This Week in Leadership (Nov 29 - Dec 5)
Questions—and answers—about the Omicron variant's impact on organizations. Plus, critical year-end moves to boost your career.
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Of all the operations that companies have—finance, cybersecurity, human resources—rarely does the supply chain get a lot of attention. That is, until something goes wrong. Very wrong.
The hot holiday gift of the year never makes it to store shelves because a computerized tracking firm messes up. A critical part costs double for a factory because the supply firm went bankrupt—and the plant forgot to have another lined up in advance. Promises of two-day deliveries, very big this time of year, aren’t kept. In the C-suite and boardrooms, people notice and start asking: the supply what?
But this year may very well become the Year of the Supply Chain. Events like Brexit and, more recently, the United States-led tariff wars—not to mention tech disruptions, the continued use of online buying, and even the purpose movement—have brought supply-chain matters front and center even before things go wrong. The question now is whether a company—and virtually every industry can be affected—will have enough time to stay ahead of the critical links in its business.
By some estimates, the logistics sector, which is the backbone of all supply chains, has itself ballooned into a $4 trillion-plus per year business. That isn’t surprising, given how closely it reflects all of the key trends in business, from global economy shifts to the emergence of artificial intelligence. Firms can now use technology to track goods in split-seconds, while forecasting how, say, a hurricane may affect the availability and price of a key product, while also responding to sudden shifts in consumer fashion tastes sparked by a viral Instagram posting. The so-called purpose movement is now a part of this, too, with supply chains ensuring and documenting, for example, that diamonds are coming from socially responsible suppliers.
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As the former chief supply officer at Chiquita Brands International, Waheed Zaman describes a head-spinning process. “There are many more products now and they are being purchased and consumed in different locations,” he says. Yet, at the same time, the possibility of having much closer to real-time details on where products are throughout the entire supply chain, using machine-learned algorithms, can radically change a company’s strategy, he says. “Supply-chain agility has become absolutely critical.”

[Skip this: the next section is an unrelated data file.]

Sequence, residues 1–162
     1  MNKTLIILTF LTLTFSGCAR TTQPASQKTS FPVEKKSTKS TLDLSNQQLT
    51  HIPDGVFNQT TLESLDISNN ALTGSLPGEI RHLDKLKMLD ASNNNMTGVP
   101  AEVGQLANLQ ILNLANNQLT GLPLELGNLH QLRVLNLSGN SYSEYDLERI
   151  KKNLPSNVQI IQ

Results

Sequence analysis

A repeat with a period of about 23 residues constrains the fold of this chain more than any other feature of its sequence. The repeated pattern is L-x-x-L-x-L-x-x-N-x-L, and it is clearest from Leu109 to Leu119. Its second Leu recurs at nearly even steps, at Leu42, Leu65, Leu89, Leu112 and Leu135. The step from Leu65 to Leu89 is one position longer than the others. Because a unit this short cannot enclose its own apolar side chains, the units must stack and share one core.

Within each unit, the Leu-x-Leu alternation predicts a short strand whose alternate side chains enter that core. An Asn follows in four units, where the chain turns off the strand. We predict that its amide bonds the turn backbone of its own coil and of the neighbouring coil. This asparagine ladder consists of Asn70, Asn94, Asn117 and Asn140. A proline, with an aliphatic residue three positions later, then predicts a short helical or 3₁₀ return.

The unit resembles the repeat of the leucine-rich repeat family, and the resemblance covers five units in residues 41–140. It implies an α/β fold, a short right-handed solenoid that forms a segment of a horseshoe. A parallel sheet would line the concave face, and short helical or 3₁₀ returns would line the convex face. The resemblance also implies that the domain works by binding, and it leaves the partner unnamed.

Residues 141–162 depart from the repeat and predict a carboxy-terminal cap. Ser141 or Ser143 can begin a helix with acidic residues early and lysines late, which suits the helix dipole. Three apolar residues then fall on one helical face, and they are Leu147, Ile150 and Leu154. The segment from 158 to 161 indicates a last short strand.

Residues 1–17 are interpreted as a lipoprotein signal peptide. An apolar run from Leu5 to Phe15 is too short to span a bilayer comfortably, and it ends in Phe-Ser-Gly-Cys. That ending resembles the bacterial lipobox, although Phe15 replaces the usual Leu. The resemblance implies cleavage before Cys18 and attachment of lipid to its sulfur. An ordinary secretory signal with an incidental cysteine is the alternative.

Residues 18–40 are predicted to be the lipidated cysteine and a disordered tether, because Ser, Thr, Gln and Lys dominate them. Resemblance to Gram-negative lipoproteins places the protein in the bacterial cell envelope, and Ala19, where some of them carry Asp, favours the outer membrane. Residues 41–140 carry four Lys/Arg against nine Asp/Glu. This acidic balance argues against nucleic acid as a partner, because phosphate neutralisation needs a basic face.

And it’s even more critical this year, now that tariffs and major tax law changes are in effect. Companies with operations in China, for example, fighting to minimize the impact of new US tariff laws, have been rushing to bring in orders from Asia. Similarly, companies funding overseas supply chains with money kept offshore may be vulnerable to this year’s widespread changes in tax law, say Gregor Fiabane, a Santiago, Chile-based senior client partner at Korn Ferry. “It’s react, anticipate, and change your supply-chain network; that’s the ultimate goal,” he says.
To generate new ideas, some companies have given their supply-chain managers a budget for experimentation, says Bernhard Raschke, who runs the Supply Chain practice for Korn Ferry in London. One pilot: A beer maker relying on weather data to forecast demand and improve deliveries.
But perhaps the most important change happens in the leadership running all this. Not surprisingly, as tariff and tax headaches reach the boardroom level, “we are seeing more and more requests for executives who have had careers in supply chain,” says Raschke. For his part, Fiabane says it’s easy to define the skill sets—agility and flexibility—but says strategic thinking to reinvent supply-chain networks matter, too. “It was a non-factor a few years ago, but today it’s very often mentioned when companies transform their businesses,” Fiabane says.
Still, it’s an education in process. Raschke says most executives think about supply chains in terms of cost reduction, focusing on whether their process can deliver the right quality product at the right time for the right price. They might not realize how their sourcing or manufacturing can put the company at risk—such as when a food supplier tweaks ingredients and consumers, noticing the change in taste, spread negative reactions across social media. “What has increasingly become an issue is that supply chain needs to lead with risk management because of the vulnerability of supply chains,” Raschke says. “Companies now have to manage a trust issue, and it’s intrinsically linked to their supply chain.”